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Example 1 of the wikipedia article on the Likelihood Function suggests that given the likelihood function $\mathcal{L}(\theta | X)$, we can find the probability of $\theta$ given $X$, $p(\theta|X)$.

Is this just a confusion of notation? That is, some of the literature likes to write $\mathcal{L}(\theta|X) = p(X|\theta)$ even though the likelihood is $\textit{not}$ a conditional probability distribution, and is perhaps more aptly notated as $p(X;\theta)$.

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    $\begingroup$ Example 1 correctly shows that likelihood is a probability of $X$ given a fixed value of parameter $\theta$. For it to be a conditional probability, you'd need to assume $\theta$ to be a random variable and have a distribution, what inevitably leads you to making Bayesian assumptions rather then frequentist. $\endgroup$ – Tim Oct 26 '17 at 14:00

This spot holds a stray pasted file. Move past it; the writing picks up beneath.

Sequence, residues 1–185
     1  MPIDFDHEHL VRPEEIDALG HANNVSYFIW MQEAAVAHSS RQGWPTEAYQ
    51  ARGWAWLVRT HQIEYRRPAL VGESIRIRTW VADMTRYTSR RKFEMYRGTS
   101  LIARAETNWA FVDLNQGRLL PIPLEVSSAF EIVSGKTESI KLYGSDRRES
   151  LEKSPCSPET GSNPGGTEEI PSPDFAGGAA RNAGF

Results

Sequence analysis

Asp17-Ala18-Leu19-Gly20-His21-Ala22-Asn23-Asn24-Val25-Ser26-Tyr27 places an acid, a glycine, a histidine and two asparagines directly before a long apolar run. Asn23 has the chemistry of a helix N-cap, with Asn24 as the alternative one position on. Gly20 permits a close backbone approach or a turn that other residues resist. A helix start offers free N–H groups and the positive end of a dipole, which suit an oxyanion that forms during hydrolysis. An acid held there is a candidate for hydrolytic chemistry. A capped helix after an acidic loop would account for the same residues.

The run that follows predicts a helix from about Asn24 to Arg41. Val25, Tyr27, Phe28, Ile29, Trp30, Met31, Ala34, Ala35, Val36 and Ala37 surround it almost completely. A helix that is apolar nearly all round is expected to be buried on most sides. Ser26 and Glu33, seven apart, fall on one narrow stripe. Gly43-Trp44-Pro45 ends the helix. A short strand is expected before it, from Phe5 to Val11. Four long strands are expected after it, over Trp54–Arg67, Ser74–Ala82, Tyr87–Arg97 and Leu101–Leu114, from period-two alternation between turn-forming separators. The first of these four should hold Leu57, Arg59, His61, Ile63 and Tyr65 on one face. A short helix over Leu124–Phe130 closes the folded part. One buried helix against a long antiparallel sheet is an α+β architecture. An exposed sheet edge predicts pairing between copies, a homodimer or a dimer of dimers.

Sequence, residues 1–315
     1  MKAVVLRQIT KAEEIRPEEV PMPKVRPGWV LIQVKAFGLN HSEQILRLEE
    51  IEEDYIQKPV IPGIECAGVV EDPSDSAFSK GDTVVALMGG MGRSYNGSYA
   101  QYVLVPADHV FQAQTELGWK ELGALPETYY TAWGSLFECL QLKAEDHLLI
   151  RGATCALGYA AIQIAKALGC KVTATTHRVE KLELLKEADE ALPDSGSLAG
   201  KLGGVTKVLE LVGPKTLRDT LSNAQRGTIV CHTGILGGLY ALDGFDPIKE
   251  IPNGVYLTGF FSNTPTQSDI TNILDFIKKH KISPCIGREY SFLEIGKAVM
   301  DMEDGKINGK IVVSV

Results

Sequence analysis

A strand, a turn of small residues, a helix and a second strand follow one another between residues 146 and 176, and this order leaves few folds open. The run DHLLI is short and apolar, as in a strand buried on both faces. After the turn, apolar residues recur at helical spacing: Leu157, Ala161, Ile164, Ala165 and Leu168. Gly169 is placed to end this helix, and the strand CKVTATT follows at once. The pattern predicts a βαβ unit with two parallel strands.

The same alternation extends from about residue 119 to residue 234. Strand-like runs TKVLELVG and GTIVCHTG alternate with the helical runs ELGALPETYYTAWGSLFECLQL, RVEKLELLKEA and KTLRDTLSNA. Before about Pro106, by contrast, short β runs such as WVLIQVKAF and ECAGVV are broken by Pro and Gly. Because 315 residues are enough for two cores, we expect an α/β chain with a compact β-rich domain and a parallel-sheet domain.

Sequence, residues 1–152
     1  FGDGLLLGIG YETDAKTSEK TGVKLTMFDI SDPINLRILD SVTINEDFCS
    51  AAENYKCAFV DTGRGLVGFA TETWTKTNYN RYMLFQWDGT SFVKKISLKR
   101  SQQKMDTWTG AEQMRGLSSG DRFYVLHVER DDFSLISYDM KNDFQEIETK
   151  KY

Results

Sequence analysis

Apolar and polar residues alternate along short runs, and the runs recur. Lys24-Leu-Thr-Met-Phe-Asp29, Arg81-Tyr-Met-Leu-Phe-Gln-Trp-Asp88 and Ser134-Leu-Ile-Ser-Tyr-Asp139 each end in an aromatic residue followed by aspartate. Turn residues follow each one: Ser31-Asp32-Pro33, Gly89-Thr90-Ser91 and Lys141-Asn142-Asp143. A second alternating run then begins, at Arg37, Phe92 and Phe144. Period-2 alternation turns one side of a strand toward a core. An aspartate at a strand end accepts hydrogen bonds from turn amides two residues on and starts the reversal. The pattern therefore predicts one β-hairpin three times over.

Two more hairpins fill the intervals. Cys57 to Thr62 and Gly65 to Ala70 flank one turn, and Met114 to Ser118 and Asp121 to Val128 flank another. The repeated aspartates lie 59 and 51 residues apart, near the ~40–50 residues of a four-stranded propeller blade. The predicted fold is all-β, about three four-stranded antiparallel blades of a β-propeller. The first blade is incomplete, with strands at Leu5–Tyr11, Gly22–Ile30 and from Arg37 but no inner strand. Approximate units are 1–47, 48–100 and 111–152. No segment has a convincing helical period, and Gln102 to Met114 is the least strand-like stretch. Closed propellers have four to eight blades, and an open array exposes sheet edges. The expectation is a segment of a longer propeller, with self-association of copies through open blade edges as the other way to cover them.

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    $\begingroup$ Ah, so the last paragraph makes bayesian assumptions? "This is not the same as saying that the probability that ${\displaystyle p_{\text{H}}=0.5} p_\text{H} = 0.5$, given the observation $HH$, is $0.25$. For that, we could apply Bayes' theorem, which implies that the posterior probability (density) is proportional to the likelihood times the prior probability." $\endgroup$ – user393454 Oct 26 '17 at 14:04
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    $\begingroup$ Likelihood is not a density on $\Theta$, i.e. $\int_{\Theta} L(\theta | X) d \theta \neq 1$. But it is a density on $X$. $\endgroup$ – Łukasz Grad Oct 26 '17 at 14:04
  • $\begingroup$ See stats.stackexchange.com/questions/2641/… and stats.stackexchange.com/questions/224037/… $\endgroup$ – Tim Oct 26 '17 at 14:08
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Let ${\displaystyle p_{\text{H}}}$ be the probability that a certain coin lands heads up (H) when tossed. So, the probability of getting two heads in two tosses (HH) is ${\displaystyle p_{\text{H}}^{2}}$. If ${\displaystyle p_{\text{H}}=0.5}$, then the probability of seeing two heads is 0.25: